ARCTIC EXPLORATION. THE FATE OF THE WSLLMAN EXPEDITION. 'Ü1.e Malygen, a fishing vessel, which arrived at Tromso on Thursday from the north of Spitsbergen, brought direct news of the Welliuan Arctic expedition, four members of which—namely, Captain Bottoifsei and three sailors—returned on board the ship. They report that after several battles with young and winter ice the Rasrnvald Jarl arrived on May 12 at Table Island, one of the Seven Islands group. liere she was com- pelled by ice to return to Walden Island, where on May 24 Mr. Weliman left the ship with thirteen men besides himself, 4-0 sledge dogs, and provisions for 110 days. On May 28—that is, only four days after Mr. Wellman and his party left the ship—the Ragnvaid Jarl was crushed in the ice and totally lost, except that some of the stores and equipment were saved. -A message re- pcrfcing the wreck was sent to Mr. Wellman, and reached him at Martens Island. He himself, in company with Mr. Dodge and two ether members of the expedition, then re- turned to Walden Island, and with the wreck of the ship built a good house to accommo- date the greater portion of the crew, and as a precaution, in case the expedition were compelled to winter on Walden Island, Mr. Weliman left again to join the remainder of his party on May 31. Upon the return of Mr. Winship to Walden Island Captain L'ot- tolfsen and some of the crew journeyed .-cuih- wards in their aluminum boats, in the hope of falling in with fishing vessels and thus reaching Norway. They soon afterwards met the Malygen, the skipper of which, P. Peder- sen, them passage to Norway. Cap- tain Bottolfsen and three men reached Tromso on Thursday with letters and dispatches from Mr. Weliman and the other members of his party. A new vessel will be chartered in place of the Ragnvaid Jarl to bring back the expedition. Meanwhile Mr. Weliman and his companions are continuing their journey across the ice, and Captain Pederaen expects that- they will reach Gillei Land. The ice conditions during the early part of the ex- pedition were exceptionally unfavourable.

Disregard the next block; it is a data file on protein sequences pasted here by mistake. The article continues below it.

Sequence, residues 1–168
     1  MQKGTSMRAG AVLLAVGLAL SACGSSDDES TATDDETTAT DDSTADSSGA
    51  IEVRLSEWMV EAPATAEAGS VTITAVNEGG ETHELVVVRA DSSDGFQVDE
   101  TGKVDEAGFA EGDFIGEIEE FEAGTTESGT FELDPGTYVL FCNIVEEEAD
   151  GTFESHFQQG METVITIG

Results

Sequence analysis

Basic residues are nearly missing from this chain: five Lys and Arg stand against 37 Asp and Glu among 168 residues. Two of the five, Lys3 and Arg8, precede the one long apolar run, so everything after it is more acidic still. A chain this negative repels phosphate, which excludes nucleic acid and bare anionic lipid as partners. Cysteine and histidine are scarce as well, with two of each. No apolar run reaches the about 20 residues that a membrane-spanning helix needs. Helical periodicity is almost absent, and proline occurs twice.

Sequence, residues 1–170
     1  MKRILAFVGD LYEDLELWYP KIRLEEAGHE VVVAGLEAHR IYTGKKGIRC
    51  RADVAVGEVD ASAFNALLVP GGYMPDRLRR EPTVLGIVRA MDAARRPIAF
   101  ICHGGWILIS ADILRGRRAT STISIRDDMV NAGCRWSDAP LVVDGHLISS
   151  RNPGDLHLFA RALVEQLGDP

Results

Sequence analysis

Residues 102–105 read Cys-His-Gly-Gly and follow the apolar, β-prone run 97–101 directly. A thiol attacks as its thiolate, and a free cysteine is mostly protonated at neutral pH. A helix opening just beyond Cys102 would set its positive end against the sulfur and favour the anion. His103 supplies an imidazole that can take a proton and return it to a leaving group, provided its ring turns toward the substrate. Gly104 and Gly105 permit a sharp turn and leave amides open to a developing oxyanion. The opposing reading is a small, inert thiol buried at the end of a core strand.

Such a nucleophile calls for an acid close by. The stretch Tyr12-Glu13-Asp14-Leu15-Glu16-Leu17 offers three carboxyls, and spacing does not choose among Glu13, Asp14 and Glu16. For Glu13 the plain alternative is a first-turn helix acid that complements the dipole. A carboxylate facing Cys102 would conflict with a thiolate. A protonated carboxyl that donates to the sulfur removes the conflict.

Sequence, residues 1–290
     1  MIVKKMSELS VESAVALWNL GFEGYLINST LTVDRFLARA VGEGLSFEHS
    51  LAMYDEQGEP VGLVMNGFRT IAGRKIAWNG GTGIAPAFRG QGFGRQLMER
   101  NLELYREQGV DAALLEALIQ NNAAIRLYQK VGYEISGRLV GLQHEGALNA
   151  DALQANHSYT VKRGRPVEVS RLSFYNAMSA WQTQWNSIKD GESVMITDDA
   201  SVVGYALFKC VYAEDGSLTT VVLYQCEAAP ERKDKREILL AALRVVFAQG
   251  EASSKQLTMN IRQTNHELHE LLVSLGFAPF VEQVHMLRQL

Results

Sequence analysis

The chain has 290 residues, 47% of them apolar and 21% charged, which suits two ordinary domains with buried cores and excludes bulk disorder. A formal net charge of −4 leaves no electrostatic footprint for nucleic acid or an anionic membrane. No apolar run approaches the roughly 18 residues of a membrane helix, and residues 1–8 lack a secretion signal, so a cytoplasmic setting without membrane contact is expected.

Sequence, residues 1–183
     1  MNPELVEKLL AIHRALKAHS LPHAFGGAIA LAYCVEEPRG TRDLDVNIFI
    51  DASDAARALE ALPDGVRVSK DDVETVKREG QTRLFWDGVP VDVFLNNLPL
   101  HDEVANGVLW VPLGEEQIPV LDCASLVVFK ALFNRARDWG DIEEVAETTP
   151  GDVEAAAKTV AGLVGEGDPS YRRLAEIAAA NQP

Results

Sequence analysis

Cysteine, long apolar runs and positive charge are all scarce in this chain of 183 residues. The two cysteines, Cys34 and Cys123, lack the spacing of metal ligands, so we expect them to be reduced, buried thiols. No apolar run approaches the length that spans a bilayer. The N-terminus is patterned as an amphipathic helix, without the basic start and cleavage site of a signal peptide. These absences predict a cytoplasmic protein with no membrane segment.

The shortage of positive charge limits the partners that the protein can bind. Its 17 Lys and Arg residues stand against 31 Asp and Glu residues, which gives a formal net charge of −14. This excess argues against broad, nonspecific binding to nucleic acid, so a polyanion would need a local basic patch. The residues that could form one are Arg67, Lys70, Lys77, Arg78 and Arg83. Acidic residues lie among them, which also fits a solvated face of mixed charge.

THE SEA SERPENT. AMERICAN COLLEGE LIFE. Our old friend the sea-serpent has (remarks the "Westminster Gazette") appeared to cer- tain unsophisticated denizens of Ultima Thule. The skipper and crew of the Stroma fishing smack W.K. 1,722- are this time the favoured observers. The scene was laid about tAventy miles E.S.E. of Noss Head. The monster must have been of the hugest, for when first seen it towered above the water to the height of 50ft., and then came down with a proper splash, to agclin rear itself, only to a smaller height. This occurred six times, but with all its vast proportions the animal is but a coward, for when the boat approached it sank to rise no more. Why should not the Scotch Fisheries Board add to the list of its oddly-assorted acti- vities the distribution of a certain number of Kodaks, especially in the fertile district of Wick; which might be paid for out of the sur- Wick; which might be paid for out of the sur- plus of the herring-brand fees? W